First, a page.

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Kwok 1

Jolin Kwok

AMST-A350

Karen Inouye

November 11, 2010

The East-West Flow of Pop Culture

Being in the same world, Eastern and Western cultures have influenced each other since

the dawn of human civilizations, even more so since the age of industrialization and

globalization. In the advent of capitalism and democracy, marketers of various corporations have

seen the fiscal benefit of investing in popular culture, in ways that encourage consumerism. In

this context, popular (pop) culture is culture that is well received by many people in general, is

mass-produced, and commercially provided (Storey 4-8). Three major kinds of pop cultural

influences America and Asian countries have on each other, in general, manifest themselves in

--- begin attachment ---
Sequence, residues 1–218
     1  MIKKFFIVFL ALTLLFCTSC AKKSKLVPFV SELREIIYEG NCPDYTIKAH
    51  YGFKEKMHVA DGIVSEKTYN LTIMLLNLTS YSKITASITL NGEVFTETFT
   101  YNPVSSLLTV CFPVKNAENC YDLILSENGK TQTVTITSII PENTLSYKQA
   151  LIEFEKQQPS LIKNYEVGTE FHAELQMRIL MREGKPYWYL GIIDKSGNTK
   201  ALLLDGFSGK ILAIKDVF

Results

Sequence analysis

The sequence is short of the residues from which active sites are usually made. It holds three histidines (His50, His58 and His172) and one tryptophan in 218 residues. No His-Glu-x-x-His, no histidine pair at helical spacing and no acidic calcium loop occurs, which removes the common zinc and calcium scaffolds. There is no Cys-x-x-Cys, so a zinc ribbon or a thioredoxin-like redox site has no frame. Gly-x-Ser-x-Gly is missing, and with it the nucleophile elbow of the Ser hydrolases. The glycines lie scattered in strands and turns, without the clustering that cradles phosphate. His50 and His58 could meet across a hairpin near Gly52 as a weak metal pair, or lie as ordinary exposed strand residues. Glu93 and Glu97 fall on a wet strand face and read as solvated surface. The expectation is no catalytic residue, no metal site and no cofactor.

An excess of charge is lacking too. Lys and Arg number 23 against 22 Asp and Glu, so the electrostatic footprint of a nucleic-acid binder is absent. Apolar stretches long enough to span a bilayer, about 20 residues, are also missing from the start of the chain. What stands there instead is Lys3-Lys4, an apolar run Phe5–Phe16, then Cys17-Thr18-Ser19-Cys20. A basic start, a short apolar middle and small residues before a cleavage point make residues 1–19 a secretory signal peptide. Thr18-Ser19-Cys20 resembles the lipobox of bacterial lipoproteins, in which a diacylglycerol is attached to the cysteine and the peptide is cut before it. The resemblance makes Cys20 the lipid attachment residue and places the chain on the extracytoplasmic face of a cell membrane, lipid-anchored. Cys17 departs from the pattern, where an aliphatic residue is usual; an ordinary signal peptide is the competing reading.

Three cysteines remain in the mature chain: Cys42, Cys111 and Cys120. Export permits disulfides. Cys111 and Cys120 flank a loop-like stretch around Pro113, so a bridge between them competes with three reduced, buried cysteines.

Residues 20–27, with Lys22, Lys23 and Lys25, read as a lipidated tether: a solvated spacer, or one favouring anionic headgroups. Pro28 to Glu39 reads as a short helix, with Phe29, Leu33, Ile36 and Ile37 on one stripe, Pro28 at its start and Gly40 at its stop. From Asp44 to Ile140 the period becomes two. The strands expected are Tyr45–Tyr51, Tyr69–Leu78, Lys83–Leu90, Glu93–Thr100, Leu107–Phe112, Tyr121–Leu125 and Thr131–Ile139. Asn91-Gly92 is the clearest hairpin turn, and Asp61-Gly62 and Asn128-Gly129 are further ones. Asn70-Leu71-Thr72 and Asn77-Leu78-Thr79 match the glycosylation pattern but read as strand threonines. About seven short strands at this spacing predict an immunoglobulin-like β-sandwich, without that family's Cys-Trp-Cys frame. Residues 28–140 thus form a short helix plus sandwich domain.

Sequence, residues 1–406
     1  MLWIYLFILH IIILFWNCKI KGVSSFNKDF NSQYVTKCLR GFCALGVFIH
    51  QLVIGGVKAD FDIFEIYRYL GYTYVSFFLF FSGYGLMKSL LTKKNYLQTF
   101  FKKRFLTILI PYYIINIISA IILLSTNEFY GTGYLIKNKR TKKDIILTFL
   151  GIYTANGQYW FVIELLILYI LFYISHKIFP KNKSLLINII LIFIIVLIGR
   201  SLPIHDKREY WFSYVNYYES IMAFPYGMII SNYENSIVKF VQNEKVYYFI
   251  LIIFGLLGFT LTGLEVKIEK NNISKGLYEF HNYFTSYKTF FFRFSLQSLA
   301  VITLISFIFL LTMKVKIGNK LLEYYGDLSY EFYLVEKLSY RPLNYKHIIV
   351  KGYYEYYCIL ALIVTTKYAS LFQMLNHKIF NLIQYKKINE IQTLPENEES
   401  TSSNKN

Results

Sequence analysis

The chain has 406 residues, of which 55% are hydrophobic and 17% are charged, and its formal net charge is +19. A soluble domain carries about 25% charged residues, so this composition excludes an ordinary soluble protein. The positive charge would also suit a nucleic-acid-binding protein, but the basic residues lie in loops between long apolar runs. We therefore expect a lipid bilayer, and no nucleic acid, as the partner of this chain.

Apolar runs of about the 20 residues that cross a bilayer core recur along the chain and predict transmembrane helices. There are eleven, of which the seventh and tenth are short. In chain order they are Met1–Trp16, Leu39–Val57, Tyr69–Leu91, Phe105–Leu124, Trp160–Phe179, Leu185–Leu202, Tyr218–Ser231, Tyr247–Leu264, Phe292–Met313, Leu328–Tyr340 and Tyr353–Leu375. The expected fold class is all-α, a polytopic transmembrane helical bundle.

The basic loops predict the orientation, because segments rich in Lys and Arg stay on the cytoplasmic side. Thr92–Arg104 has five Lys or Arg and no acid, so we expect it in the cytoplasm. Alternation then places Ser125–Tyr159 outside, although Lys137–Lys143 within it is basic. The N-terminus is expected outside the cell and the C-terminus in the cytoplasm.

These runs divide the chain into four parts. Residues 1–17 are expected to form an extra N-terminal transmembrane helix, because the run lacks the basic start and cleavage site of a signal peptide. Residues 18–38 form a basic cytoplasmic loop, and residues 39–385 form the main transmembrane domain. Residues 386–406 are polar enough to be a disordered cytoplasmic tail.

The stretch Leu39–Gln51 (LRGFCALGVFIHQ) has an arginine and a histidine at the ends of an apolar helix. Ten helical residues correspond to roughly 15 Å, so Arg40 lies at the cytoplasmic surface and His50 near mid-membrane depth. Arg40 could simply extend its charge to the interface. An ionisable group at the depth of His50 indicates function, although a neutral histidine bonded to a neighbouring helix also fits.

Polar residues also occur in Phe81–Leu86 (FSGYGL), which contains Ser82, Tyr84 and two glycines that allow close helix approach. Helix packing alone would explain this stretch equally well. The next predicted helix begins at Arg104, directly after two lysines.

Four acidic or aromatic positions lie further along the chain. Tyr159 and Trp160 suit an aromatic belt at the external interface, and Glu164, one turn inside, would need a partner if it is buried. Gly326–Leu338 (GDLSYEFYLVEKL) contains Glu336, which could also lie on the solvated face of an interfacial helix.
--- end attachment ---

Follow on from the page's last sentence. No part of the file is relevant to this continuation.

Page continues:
the fields of music, fashion, and beauty trends. While Asian influences on the American pop

culture are evident and contained, the influences of the American culture are more subtle yet

pervasive in Asian countries with regard to pop culture (especially in Japan when it comes to

music and fashion).

Music

With a global medium like the Internet, one can easily explore different music genres

unlike before. A pop music lover may enjoy rock music, jazz, hip hop, and classical music as

well. Hence, while it is easy to identify pop music as an obvious part of popular culture, there are

various genres of music that many people listen to in general.

Historically, music in America has been influenced by the East mostly with regard to

Eastern philosophies and worldviews as well as what many Americans find to be exotic in
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Eastern musical elements. Henry Cowell, regarded by many to be “the father of American